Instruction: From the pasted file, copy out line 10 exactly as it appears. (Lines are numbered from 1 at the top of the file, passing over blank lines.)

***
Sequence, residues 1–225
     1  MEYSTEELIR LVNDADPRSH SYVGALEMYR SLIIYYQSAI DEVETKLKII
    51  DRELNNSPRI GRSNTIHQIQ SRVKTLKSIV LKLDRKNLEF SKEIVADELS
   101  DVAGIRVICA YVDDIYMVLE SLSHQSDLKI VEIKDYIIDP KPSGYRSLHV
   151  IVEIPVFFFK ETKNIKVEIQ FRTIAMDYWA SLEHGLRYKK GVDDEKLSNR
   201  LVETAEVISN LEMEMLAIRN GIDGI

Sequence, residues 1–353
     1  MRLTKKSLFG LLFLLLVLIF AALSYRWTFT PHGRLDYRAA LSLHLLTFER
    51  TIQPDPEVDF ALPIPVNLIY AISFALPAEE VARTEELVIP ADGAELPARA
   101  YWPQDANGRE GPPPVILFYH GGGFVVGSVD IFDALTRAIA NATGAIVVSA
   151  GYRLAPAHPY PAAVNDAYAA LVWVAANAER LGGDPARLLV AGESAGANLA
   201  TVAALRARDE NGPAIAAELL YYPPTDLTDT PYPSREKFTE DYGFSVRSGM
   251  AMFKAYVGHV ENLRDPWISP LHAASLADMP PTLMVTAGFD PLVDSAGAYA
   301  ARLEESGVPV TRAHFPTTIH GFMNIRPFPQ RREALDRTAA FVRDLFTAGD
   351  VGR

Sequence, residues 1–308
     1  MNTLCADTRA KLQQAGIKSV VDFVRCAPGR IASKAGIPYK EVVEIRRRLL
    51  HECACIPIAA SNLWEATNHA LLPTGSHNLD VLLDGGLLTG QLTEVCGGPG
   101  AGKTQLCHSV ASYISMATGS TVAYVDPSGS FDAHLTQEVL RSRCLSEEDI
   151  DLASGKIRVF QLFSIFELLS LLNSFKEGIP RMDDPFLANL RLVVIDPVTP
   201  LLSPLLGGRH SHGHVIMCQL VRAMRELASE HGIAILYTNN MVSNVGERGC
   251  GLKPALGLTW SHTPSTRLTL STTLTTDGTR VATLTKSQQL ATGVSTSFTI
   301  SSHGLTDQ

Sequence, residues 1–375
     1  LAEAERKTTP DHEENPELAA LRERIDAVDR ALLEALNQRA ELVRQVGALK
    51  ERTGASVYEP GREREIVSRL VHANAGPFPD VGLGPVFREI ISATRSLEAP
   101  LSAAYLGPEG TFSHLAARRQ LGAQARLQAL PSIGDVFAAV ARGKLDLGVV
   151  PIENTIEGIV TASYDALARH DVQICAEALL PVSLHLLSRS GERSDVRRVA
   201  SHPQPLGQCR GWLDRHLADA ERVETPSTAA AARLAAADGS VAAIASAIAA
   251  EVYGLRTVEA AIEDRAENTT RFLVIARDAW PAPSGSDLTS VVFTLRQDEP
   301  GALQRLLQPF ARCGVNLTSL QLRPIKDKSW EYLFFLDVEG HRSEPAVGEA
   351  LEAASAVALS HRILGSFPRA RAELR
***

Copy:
   101  YWPQDANGRE GPPPVILFYH GGGFVVGSVD IFDALTRAIA NATGAIVVSA